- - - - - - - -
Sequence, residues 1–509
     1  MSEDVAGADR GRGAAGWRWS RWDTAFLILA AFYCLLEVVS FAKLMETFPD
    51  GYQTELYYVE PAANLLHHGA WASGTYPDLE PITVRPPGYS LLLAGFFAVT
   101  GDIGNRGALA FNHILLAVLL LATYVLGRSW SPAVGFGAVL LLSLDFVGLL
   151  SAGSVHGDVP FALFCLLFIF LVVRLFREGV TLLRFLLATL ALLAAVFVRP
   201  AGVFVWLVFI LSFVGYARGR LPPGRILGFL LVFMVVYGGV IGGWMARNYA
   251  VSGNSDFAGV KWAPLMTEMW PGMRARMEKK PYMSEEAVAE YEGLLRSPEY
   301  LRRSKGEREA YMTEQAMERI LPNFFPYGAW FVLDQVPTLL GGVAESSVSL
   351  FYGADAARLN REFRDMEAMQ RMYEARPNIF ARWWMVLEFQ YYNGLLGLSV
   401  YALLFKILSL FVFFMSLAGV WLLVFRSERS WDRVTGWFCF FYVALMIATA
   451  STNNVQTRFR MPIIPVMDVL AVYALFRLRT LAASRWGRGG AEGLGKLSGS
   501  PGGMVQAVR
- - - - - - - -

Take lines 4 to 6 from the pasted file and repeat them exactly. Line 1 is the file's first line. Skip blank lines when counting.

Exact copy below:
   101  GDIGNRGALA FNHILLAVLL LATYVLGRSW SPAVGFGAVL LLSLDFVGLL
   151  SAGSVHGDVP FALFCLLFIF LVVRLFREGV TLLRFLLATL ALLAAVFVRP
   201  AGVFVWLVFI LSFVGYARGR LPPGRILGFL LVFMVVYGGV IGGWMARNYA